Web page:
Famous World Heritage Sites of North India

Fatehpur Sikri: The City of Victory

Fatehpur Sikri, located near Agra, was founded in 1569 by Emperor Akbar and served as the Mughal capital for approximately 14 years. Designated a UNESCO World Heritage Site in 1986, it houses several magnificent buildings, including the Buland Darwaza and the Tomb of Salim Chisti. The site staand https://rtpslot368.biz/  http://miura-seikotsuin.com/  https://oukalandscape.com/  https://sakuradogsalon.com/  https://bring-consulting.co.jp/  https://counselingships.com/  https://www.itosoken.com/ nds as a fine example of Mughal architecture with a blend of Indian and Islamic styles.

Humayun’s Tomb: Precursor to the Taj Mahal

In Delhi, Humayun’s Tomb is another significant heritage site, recognized by UNESCO in 1993. Built in 1570, it is one of the earliest examples of Mughal architecture in India and was an inspiration for the Taj Mahal. The tomb’s complex includes beautiful gardens and several other monuments, including the graves of more Mughal royalty.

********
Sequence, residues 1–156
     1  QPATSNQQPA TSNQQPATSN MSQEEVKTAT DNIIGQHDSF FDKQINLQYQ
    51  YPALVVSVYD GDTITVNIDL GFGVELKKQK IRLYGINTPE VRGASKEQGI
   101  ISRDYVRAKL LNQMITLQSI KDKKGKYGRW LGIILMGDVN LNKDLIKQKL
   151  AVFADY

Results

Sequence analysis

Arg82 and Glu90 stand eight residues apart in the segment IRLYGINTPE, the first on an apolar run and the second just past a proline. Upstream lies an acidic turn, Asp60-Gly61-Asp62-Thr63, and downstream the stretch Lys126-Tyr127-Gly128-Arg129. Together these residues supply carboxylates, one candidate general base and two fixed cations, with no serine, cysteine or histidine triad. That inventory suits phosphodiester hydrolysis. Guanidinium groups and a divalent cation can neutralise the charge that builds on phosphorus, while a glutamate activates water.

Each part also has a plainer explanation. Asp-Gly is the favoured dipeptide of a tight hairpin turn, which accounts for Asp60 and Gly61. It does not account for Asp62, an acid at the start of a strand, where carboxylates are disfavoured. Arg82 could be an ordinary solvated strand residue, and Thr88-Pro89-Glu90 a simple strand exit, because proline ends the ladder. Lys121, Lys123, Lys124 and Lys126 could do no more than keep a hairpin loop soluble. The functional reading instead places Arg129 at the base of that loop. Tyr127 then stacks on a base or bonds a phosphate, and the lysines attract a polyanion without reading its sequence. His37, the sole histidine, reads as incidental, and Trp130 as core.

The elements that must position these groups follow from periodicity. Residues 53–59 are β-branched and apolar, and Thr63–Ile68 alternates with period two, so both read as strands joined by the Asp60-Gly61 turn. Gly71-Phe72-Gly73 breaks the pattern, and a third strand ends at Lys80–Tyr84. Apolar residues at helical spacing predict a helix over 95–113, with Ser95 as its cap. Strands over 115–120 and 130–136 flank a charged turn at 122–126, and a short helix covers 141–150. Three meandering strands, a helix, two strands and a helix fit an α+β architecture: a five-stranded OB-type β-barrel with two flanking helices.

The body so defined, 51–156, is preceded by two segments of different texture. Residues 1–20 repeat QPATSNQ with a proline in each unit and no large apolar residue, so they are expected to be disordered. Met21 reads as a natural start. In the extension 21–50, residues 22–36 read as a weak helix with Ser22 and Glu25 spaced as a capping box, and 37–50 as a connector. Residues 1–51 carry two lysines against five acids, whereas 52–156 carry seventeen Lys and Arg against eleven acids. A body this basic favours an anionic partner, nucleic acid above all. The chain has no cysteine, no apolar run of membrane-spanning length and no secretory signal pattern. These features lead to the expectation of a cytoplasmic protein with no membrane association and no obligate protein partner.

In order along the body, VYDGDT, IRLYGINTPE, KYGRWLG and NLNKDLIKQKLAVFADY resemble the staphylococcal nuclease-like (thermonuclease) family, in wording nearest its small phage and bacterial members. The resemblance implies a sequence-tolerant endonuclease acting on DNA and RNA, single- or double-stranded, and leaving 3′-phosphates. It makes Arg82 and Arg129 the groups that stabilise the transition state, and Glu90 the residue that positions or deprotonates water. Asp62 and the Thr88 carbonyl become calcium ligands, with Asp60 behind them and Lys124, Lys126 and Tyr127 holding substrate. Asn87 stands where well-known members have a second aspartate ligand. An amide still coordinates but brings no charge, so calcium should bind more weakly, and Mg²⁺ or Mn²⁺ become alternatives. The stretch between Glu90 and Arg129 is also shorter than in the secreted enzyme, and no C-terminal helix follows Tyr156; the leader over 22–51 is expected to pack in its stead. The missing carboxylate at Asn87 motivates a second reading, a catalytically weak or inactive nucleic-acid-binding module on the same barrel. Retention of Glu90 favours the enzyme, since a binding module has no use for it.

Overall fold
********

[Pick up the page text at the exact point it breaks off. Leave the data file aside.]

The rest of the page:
Qutub Complex: A Marvel of Medieval Architecture

The Qutub Complex in Delhi, with the famous Qutub Minar, was declared a UNESCO World Heritage Site in 1993. The complex is one of the most popular tourist destinations in Delhi, showcasing the architectural and artistic achievements of Islamic India. Qutub Minar, the tallest brick minaret in the world, exemplifies the Indo-Islamic Afghan architecture and attracts millions of visitors each year.

Red Fort Complex: A Symbol of Indian Sovereignty

The Red Fort Complex in Delhi, constructed by Shah Jahan in the 17th century, was recognized as a UNESCO World Heritage Site in 2007. This majestic fort made of red sandstone houses several museums and serves as a significant venue for India’s Independence Day celebrations. The complex is an important symbol of India’s struggle for freedom.